I need some advise and am hoping you all can help.
I have been home brewing for just a under a year now, learning as I go and upgrading the gear when $ is available ;D
I found a recipe for a British Brown Ale and after tweaking slightly I thought I would brew a 10L batch.
See below grain bill.
My problem is that the FG was supposed to hit 1014 and it stalled at 1020 after lettting set for 2 weeks. I haven't had this problem yet on any other beer (maybe a point, but not 6 points).
I fermented more or less at 20C for the entire time. (in the pantry of my house, not in a fridge).
I "THINK" the issue is that I didn't get enough fermentable sugars while mashing. I am using a HERMS system and recirculating during the mash process.
If I were going to do a 2nd batch, should I:
- Drop the temp to say 63C?
- Mash longer at 67C?
- Do a 2 step mash, say 62C for 30min and 67C for 30min?
Your thoughts? Other suggestions?
please feel free to answer in Dutch!
PS: the color of my beer is not as dark as it should have been due to the fact I ran out of 900MD (I am aware of this!) ;D
Expected FG 1014
Mash Volume = 11L
Sparge Volume = 6L
Preboil Volume = 13L
Primary Volume = 9.25L
Bottle Volume = 8L (lost alot sampling the beer :P)
Mash temp 67 / 60 min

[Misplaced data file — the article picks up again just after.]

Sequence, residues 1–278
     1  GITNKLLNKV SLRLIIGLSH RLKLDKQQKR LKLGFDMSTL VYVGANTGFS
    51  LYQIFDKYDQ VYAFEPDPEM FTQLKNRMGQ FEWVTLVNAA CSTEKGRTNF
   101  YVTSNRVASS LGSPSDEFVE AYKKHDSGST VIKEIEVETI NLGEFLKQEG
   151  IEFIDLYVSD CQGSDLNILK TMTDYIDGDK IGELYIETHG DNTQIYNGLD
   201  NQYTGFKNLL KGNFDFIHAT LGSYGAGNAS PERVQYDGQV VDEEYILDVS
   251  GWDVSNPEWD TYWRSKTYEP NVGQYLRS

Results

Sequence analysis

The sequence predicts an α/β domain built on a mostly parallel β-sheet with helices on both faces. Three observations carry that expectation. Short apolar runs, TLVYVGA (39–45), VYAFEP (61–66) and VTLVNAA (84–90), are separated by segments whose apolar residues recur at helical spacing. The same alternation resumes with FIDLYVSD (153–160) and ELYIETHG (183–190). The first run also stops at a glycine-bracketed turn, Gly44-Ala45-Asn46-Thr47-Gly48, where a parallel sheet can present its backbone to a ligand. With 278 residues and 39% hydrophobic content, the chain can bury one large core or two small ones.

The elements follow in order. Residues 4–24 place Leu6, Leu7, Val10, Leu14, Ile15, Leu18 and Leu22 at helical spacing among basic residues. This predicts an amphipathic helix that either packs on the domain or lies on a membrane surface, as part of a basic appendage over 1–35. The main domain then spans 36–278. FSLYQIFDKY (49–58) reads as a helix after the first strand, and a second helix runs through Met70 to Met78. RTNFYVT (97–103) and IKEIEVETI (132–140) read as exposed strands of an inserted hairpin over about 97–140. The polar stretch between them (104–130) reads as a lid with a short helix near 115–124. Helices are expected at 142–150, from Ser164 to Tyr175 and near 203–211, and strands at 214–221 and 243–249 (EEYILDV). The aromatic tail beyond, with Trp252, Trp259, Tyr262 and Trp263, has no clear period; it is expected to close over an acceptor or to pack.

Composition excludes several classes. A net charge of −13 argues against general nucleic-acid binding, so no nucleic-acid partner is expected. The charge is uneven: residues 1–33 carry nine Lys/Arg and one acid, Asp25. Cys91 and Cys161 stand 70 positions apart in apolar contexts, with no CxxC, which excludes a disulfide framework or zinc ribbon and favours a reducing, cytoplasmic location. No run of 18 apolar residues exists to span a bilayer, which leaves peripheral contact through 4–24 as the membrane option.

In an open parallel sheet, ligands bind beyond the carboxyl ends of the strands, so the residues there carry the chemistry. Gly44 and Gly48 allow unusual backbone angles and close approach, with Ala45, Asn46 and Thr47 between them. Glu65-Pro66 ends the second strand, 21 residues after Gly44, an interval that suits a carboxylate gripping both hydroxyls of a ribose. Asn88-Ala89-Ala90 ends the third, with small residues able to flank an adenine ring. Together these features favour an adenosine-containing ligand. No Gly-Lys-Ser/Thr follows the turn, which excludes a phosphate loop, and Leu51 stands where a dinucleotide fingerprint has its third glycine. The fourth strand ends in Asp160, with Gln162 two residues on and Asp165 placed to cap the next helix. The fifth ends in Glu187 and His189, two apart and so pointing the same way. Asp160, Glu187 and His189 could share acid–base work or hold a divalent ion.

Mash out 78 / 5min
Yeast nutrients: none
1.8KG Dingemans Pale Ale
200g Fawcettt Cystal Malt
47g Dingemans 900MD Chocolate (I ran out so used what was left!)
200g Weyermann Carapils
10g Challenger @ 60 min
10g EKG @ 20 min.
Yeast : White Labs WLP036 Dusseldorf Alt Ale yeast (expiration date was good)
Looks not very strange 1014 is what you could normally expect with som dark malts. could be mashing but also not enough active yeast. for masing you could try: 2 step mash, 63C for 30-45min and 72C for 45min. Also during 72 still fermentable sugar is formed from dextrines, so taking that stap some longer could help.
I'd suggest a thicker mash for your next batch of this beer.
You are now using 2.25 kg of grain on 11 litres of water, or 4.8 L/kg.
Try lowering this to around 3L/kg. Make up for the lesser amount of water by increasing your sparge volume.
With thinner mashes, the Beta-Amylase will degrade quicker, so it will cut less short-chained sugars. Hence, you could end up with a higher final gravity.
Thanks both. I had yet another beer do the same thing and I have come to the conclusion it's a combination of both. I will be going back to a two-step mash and will keep an eye on my water to grain ratio (I didn't realize it had such an impact).
Upwards and onwards!
PS: do either of you stir during the mash? Some say do, some say don't. I notice my mash effeciency goes up if I stir.
No problem to stir during the mash. That gives better contact between starch en enzymes.
Did you make a yeast starter?
Citaat van: KC op 29-11-2018 19:25 uDid you make a yeast starter?
No need to make a yeaststarter with an OG of 1.049 on a volume of 9.25 liters.